Harvesting Sage

Tuesday, July 25, 2006

I grew about 3 or 4 sage plants from seed this year and they have been thriving. Over the weekend, I harvested a handful that I'm going to dry and reserve for some of my favorite fall dishes, such as butternut squash soup and, of course, Thanksgiving stuffing.


There's plenty of information about sage elsewhere on the Web (including here and here), but I recently read a few new-to-me things about this herb that I thought were particularly interesting:

-- Its name, Salvia, is derived from the Latin word, salvere, which means "to be saved". It's a reference to the plant's many healing properties.

-- Sage is high in vitamins A and C, and it's a member of the mint family.

-- Research has shown that sage improves brain function and acts as a memory enhancer. It is being tested in new drugs that could potentially treat Alzheimer's disease.


-- A gargle made with sage will help soothe a sore throat. It is also effective for treating sore gums/gingivitis. Sage tea helps to reduce stress and improve digestion.


I've never (knowingly) used sage for any of it's medicinal properties, although I have tried using it as a hair color a few times. (Very messy, but it smells good!).

The best way to use fresh sage, though, in my opinion, is on a big bowl of buttery pasta with cheese. Mmm, mmm, good!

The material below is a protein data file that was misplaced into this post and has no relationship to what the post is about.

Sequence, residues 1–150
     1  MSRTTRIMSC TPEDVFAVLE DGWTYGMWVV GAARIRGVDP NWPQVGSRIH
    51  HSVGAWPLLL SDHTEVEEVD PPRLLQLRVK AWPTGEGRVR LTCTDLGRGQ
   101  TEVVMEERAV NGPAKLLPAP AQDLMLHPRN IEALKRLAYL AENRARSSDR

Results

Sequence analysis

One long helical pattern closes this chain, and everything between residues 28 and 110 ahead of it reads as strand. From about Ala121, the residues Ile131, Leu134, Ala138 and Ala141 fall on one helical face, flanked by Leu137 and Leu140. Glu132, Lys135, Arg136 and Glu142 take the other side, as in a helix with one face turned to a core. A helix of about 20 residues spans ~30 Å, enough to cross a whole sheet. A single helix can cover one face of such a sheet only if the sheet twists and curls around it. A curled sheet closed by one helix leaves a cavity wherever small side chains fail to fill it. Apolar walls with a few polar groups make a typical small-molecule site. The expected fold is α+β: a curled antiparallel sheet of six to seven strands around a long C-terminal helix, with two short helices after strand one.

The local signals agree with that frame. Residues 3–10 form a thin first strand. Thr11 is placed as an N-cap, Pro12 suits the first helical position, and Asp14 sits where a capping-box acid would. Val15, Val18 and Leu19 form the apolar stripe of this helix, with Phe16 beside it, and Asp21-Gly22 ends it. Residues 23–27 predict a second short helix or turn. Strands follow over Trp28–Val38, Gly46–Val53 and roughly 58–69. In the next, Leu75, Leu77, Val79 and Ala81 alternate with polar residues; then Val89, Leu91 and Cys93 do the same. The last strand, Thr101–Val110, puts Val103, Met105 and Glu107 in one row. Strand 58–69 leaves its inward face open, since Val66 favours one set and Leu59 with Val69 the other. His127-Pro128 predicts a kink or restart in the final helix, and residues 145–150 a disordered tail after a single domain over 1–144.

4 Comments:

Blogger Blackswamp_Girl said...

I love sage tea with some honey, so the recipe for sage honey to use on biscuits was immediately mentally saved. :)

I'm interested in this hair dye thing, too. What color did it make your hair, and how long did it last?

12:59 PM  
Blogger Christa said...

Sage honey on biscuits? That sounds scrumptious!

Sage can be used to make hair darker. I tried it a few times because I wanted to color my, ahem, "one or two" gray hairs without resorting to the chemical stuff. The recipe is here: Boil 1/2 cup of dried sage in 2 cups of water for 30 minutes, let it steep, and then rinse your hair with it several times. Let it dry in your hair, then rinse it out. It did make my few wise grays look more golden in color, but I didn't use it on a weekly basis, as recommended, so the hairs never really got darker. It might work, though, if used consistently. It is sort of like using henna, if you've ever tried that.

8:10 PM  
Blogger Salix Tree said...

I grew sage from seed for the first time last year, and the plants look gorgeuos this year! They flowered in the spring, very pretty. And there are plenty of fresh leaves this year to use in cooking. One of my favorite tastes, next to parsley!
Great info, didn't know it had all those vitamins and healing properties!

3:20 AM  
Blogger Angelina said...

I never seem to use sage in pasta, which is strange since I once had a squash ravioli with a sage-butter seasoning that was really memorable.

When I was a kid my mom would make me sage and honey tea when I had soar throats, at the time it made me want to gag a little, but I got used to it and I still drink it (but with pleasure now). She used to tell me that no matter what other herbs I grow in my garden, I should always have sage. So nomatter where I move, sage is the first thing I plant.

I hope you don't mind me dropping in, I'm really enjoying your blog.

7:02 PM  

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